A major component of the Entschtanning season is the concept of bringing things into being, making things manifest, and the emergence of existence from ideas. This ties in with the idea that Entschtanning is the “baby bump” phase of the Lewesraad, and brings in the honoring of motherhood and feminine energies in the context of the goddess Freid.
Who is Freid?
Freid is known by several names within the Deitsch community. For example, Braucherei reports this time of year as being sacred to the Hearth Goddess (Haerdgeddin, Haerdgeddern, or Haerdziebin) or Hearth Lady (Haerdfraa). Some Hexerei practitioners report the names Frigg and Freid, the latter of which shares the same etymology as the Deitsch name for Friday, Freidaag. The name Frigg was originally more prevalent within Urglaawe until late in 2015, when more interviews reinforced the use of the name Freid. Additionally, the availability of Franz Xaver von Schönwerth’s Woud and Freid (The Turnip Princess, pp. 171-172. New York: Penguin Books, 2015) presented us with a story that is remarkably similar to the Norse story of Freya, Odur, and the tears of amber. In the case of Freid, though, the tears are of pearl, which, in turn, has a link in oral tradition to the Hearth Goddess.
Fertility and Motherhood
The choice of this time for the Freidsege observance stems from the fact that we are usually starting to see the first signs of the return of the fertility of the soil at this time of year, which ties into other components of the observance that will be discussed on later nights.
Freid is seen as a goddess who is particularly concerned with motherhood, the hearth, the home, and the garden. Over the years, many have noted that Freid and Her Norse cognate, Frigg, have developed an increasingly strong presence within the Heathn community. Anyone who relegates Freid to being at home washing dishes while Wudan or Odin is out changing the universe misses the true power of this benevolent goddess. The home is, perhaps, the most important aspect of one’s life. We may be successful in our work endeavors or in our hobbies, but if, at the end of the day, we do not have a safe and secure place to rest our heads, our lives are challenging, at best, and miserable and in jeopardy, at worst. Thus, one cannot underestimate the importance of Freid and Her concerns in our lives.
Family and Personal Effects
Freid Herself is viewed as the consort of the god Wudan, the mother of Balder, and the sister of the twin deities Volla and Voll. Oral reports on the lineage and the familial relationships are relatively scant and sometimes conflicting, so they are under continuing research.
Keys are seen in the lore of most Heathen groups as being a symbol of Freid. These keys represent not only the doors and locks to the home but also the keys to unlock portals to greater understanding of the functions of the universe.
The distaff is the tool of Freid, and spindles are used in Urglaawe rites to hallow the spaced in which a Freidsege would be held.
Some Deitsch historians, such as Dr. Edwin Miller Fogel (Beliefs and Superstitions of the Pennsylvania Germans. Millersville, PA: Center for Pennsylvania German Studies, 1995.) report on traits associated with Freid, but they are conflated with traits ascribed elsewhere to Holle and Frouwa. However, some of what he describes is supported by oral and practical tradition within the living Deitsch communities. For example, on page 17, Fogel describes a difference in the understanding of Friday. Heathen aspects that remain see Friday as a lucky day because of its association with Freid (Fogel uses the name Frigg). He cites it being a popular traditional wedding day due to that association. However, he notes that, when Christian perspectives dominate, Friday is seen as unlucky, presumably due to Good Friday.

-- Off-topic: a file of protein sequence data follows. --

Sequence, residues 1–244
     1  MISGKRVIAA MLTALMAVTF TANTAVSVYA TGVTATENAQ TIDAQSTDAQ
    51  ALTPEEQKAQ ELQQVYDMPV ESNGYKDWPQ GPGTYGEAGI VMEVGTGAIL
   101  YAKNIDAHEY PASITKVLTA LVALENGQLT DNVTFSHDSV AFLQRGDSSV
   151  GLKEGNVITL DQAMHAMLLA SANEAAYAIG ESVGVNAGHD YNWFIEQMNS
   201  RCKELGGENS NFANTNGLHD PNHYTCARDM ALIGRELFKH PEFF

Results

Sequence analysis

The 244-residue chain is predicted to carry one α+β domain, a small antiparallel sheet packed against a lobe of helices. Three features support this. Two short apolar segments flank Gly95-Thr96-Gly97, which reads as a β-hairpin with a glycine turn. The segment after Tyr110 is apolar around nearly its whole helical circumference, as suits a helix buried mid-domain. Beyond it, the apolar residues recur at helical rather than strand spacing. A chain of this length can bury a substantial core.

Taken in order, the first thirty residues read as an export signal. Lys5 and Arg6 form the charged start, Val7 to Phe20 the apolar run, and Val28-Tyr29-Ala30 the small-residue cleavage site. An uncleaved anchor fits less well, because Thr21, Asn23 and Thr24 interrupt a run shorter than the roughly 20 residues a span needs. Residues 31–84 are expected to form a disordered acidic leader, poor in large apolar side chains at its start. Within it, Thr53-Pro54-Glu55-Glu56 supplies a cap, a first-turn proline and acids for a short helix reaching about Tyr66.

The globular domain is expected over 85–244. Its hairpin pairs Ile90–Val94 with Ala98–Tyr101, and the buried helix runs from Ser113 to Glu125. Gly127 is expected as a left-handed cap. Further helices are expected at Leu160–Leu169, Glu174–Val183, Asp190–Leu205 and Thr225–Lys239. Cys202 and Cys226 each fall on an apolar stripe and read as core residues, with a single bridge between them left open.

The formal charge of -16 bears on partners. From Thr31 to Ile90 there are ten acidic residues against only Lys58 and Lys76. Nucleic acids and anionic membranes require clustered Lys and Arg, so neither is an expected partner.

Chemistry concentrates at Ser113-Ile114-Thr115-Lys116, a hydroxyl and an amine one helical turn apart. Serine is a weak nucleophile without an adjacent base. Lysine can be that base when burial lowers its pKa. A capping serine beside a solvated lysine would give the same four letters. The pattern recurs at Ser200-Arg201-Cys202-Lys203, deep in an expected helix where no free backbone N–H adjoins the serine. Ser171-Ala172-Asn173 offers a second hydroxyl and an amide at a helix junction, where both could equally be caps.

The wedding day idea actually turns up quite a bit of lore in Deitsch culture because, until relatively recently, the three popular days for weddings were Tuesday, Thursday, and Friday. The associations with Ziu, Dunner, and Freid play a role in these choices historically. Plain sectarian wedding days are still mostly commonly held on Tuesdays an Thursdays, though the origin of that practice is likely lost to those communities. Some Braucherei and Hexerei practitioners firmly state that blue as a wedding color, particularly on Friday, has its roots in the lore of Freid. Indeed, Amish wedding dresses even now are traditionally blue, and the groom often wears a blue bowtie on the wedding day.
Spinning and Wurt (Wyrd)
As is the case with much of Heathenry, several of the goddesses of Urglaawe are associated with spinning. This is spinning from the most mundane of functions to the most esoteric and cosmic senses.
Freid is seen as spinning the very material from which the Wurthexe (Norns) weave our Wurt. This to us places Freid so high in the Cosmic scheme that She is essentially a goddess beyond linear time, energy, and matter as well. Many believe that She may not be subject to Wurt Herself, though the matter is up for debate and research.
It is, though, widely believed that Freid’s placement in the cosmic scheme provides Her with clarity and understanding that exceeds that of many (yet, in our lore, not all) other deities. Some Heathens say that Frigg knows all but does not speak; Deitsch lore indicates that She will proactively guide those who follow Her and that She will provide clues regarding that which is to come.
Freid touches the whole of the Entschtanning season, so you will see references to Her role in subsequent posts about other components of the observance. This short write-up is far from being able to cover the complexity of his powerful, wondrous goddess.
All hail Freid, the Cosmic Seamstress, the Keeper of the Keys, and the Beloved Protectoress.